Updated: Sep. 24, 2015
This study examined, through the lens of narrative inquiry, the lived experience of a beginning teacher during her first two years in a neoliberal school system. This narrative inquiry has revealed how an idealistic beginning teacher, enamoured with a constructivist pedagogy and eager to teach and inspire, was engulfed by a neoliberal school culture and taught in a way antithetical to what she had believed. The authors conclude that this story illustrates how neoliberal thinking and practice have impacted the lived experiences of an ordinary beginning teacher and helps to illuminate potential causes of tension and conflict that novice teachers in Singapore are likely to encounter in their induction into the profession and their adoption of alternative pedagogies to teach against the grain of educational neoliberalism that has taken a stranglehold on Singapore’s school system.
Updated: Aug. 02, 2015
This article focuses on the knowledge–competencies nexus in the context of ‘twenty-first century learning’. It raises several questions: Does the interest in competencies devalue or undermine knowledge? Does a social constructivist paradigm necessarily dismantle disciplinary knowledge? What is the relationship between knowledge and improving the life chances for the marginalised? Against a critical background discussion of ‘twenty-first century learning’, these questions are addressed by considering and synthesising three perspectives on knowledge in relation to their particular critique of education, what they say about knowledge, and the bearing this interpretation has on how they view pedagogy and curriculum.
Updated: May. 10, 2015
This paper reports on a critical constructivist study of racial identity and performance among 13 Black, traditional-age students enrolled at three different colleges, two historically Black and one predominantly White. The findings highlight (1) the role of internal community pressure, (2) the ways in which racial performance dominated the students’ discussions of their racial identities, and (3) the intersection of internalized racism and sexism.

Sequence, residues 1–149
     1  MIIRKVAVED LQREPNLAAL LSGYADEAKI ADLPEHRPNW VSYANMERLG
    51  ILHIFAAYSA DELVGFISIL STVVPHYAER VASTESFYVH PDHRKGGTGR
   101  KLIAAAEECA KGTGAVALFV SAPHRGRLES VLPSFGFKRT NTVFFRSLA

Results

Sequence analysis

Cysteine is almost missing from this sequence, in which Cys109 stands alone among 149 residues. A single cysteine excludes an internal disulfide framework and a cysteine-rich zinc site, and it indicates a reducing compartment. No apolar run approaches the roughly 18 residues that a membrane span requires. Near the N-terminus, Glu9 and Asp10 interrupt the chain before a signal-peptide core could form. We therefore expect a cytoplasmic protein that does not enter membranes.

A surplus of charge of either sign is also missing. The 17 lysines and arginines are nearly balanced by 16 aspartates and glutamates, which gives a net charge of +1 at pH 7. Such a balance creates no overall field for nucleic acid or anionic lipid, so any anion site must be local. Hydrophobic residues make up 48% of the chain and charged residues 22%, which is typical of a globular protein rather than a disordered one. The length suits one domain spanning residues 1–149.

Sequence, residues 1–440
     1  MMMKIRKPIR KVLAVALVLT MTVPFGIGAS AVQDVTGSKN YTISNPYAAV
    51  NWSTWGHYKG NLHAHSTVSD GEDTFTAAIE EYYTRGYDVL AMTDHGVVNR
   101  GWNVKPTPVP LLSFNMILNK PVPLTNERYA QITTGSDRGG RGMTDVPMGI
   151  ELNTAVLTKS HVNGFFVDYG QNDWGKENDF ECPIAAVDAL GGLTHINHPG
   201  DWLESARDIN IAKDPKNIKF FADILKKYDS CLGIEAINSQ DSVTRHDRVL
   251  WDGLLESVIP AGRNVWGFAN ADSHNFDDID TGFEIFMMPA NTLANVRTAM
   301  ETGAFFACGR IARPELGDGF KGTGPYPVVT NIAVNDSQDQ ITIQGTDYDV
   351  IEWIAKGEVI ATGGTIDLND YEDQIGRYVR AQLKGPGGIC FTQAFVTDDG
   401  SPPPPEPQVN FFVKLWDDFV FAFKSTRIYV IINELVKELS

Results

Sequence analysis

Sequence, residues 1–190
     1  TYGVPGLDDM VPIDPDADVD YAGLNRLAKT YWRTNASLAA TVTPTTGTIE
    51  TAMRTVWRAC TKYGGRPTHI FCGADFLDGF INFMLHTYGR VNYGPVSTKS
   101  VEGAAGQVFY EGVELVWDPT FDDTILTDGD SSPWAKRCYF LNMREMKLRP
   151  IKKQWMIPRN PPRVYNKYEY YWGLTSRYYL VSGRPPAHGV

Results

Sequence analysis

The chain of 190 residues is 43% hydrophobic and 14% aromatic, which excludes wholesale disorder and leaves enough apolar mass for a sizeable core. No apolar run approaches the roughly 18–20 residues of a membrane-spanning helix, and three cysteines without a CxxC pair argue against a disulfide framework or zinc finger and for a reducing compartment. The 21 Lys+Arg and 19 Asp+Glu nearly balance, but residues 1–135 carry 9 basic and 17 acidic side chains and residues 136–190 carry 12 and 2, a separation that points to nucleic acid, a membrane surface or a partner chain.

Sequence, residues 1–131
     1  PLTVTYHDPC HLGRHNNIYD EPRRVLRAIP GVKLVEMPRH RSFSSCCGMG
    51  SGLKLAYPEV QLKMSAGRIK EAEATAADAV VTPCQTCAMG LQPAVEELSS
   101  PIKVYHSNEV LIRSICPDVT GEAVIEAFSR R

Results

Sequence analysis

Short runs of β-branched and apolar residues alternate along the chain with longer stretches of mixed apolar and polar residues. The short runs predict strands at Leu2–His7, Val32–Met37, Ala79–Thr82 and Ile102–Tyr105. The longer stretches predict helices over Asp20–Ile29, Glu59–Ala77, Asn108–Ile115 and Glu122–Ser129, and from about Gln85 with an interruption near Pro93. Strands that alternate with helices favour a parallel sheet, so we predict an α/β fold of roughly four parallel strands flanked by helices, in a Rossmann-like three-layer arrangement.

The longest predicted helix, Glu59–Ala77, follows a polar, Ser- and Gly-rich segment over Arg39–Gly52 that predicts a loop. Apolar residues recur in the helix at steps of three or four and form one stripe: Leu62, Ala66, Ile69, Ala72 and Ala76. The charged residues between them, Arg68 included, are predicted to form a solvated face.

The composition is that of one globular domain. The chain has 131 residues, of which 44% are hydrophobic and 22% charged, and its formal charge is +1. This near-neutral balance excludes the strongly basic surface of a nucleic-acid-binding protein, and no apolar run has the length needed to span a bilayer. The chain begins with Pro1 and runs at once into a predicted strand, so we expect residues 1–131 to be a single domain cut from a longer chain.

Updated: Apr. 30, 2015
How Different Mentoring Approaches Affect Beginning Teachers’ Development in the First Years of Practice
The purpose of this study is to examine whether quality and frequency of mentoring predict beginning teachers’ development of professional competence and well-being in the first two years of their career. Findings indicate that the quality of mentoring rather than its frequency explains a successful career start. Additionally, beginning teachers who experience constructivist mentoring show higher levels of efficacy, teaching enthusiasm, and job satisfaction. Constructivist mentoring also reduces emotional exhaustion after one year of training compared to teachers without constructivist mentoring.
Updated: Mar. 02, 2015
Impact on Student Teachers' Conception of Learning and Teaching from Studying a Course in Educational Psychology
This study investigates changes in the conceptions of learning and teaching among undergraduate student teachers. It was found that there was an increase in the share of students that see learning and teaching from a cognitive-constructivist perspective.Furthermore, the findings revealed a decrease in the share that see learning and teaching from a behaviourist perspective by the end of the course.
Updated: Sep. 16, 2013